To that end, we focus first on appraising the value of the business. This starts by reviewing the industry in which the company operates. There are many industries we will give a pass simply because the economics are unattractive. This is typically true of industries that are capital intensive, exhibit low barriers to entry, possess unionized work forces or are characterized by a lack of pricing power. Shipping, grocers or mining for example are not industries that would meet our requirements. We try to not be too dogmatic in our approach, however, and recognize that even in unattractive industries, a superb management team with superior capital allocation abilities can trump poor industry economics. Wilbur Ross in steel or coal mining would be one example. Another example would be the management teams of Markel (MKL) and Aspen Insurance (AHL), which we own in the fund, in the commoditized insurance industry. On balance though, we subscribe to the Buffett adage that “when a management team with a reputation for brilliance tackles a business with a reputation for bad economics, it is the reputation of the business that remains intact.”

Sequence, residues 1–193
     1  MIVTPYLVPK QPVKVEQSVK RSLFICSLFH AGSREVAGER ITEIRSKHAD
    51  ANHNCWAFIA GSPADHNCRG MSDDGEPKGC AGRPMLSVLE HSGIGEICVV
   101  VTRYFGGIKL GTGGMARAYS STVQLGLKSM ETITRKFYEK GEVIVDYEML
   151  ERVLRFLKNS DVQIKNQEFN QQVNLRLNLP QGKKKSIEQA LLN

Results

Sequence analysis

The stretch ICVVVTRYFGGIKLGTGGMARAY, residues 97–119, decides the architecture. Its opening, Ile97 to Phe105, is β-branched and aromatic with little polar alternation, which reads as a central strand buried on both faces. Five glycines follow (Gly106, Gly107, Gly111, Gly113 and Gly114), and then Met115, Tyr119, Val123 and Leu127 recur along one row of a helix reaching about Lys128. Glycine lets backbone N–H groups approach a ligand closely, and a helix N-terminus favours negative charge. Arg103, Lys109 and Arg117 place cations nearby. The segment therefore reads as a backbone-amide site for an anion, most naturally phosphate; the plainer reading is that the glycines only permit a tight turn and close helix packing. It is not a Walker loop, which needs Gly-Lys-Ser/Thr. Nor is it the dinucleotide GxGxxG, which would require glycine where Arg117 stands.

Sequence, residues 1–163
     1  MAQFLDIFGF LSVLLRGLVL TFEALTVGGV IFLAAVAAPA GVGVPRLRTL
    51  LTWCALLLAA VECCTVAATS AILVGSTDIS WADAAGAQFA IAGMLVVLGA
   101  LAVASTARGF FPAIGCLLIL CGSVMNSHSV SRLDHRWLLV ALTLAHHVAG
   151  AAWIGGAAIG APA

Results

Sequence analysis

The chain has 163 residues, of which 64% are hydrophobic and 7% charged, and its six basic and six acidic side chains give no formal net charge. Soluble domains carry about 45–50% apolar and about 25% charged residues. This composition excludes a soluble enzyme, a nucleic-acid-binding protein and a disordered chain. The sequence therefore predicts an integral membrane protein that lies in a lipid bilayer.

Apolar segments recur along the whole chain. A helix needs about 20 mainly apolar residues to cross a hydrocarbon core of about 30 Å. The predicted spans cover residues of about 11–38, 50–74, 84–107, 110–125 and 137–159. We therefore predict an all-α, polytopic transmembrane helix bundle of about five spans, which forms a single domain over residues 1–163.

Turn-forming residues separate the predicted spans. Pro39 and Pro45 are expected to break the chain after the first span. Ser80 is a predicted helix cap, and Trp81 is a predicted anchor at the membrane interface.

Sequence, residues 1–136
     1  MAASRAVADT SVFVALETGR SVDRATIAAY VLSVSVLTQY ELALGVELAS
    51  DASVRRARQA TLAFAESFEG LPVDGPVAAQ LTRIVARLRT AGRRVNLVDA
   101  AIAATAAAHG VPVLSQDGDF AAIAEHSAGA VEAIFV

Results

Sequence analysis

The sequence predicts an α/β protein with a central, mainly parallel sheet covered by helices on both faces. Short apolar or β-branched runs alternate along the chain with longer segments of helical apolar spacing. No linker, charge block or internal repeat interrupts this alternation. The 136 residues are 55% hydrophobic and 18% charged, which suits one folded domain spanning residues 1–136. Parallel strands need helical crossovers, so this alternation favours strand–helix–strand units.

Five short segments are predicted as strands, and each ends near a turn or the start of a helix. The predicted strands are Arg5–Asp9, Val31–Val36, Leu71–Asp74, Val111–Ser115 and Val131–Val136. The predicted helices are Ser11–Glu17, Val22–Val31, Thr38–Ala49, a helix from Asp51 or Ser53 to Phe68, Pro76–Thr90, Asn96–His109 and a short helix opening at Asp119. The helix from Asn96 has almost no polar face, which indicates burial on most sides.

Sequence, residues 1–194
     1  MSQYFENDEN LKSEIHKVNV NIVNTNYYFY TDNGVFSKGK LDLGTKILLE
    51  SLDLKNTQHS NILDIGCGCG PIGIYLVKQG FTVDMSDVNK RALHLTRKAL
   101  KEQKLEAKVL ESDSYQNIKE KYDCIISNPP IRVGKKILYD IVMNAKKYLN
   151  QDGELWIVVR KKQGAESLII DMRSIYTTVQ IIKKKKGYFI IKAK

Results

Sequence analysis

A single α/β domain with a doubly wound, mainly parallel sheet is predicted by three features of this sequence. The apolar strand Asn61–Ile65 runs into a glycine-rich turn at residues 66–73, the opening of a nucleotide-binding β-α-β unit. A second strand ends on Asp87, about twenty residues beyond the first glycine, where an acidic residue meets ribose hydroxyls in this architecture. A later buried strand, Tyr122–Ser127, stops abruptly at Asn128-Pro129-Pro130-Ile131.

In assessing industries, we also want to make sure we understand the industry enough to make informed judgments on competitive dynamics. Industries with ephemeral market leaders, such as technology, often get thrown in the too hard pile. To have enough conviction to hold a stock when the market is moving against you, you have to be able to understand it, which is why we endeavor to remain within our circle of competence.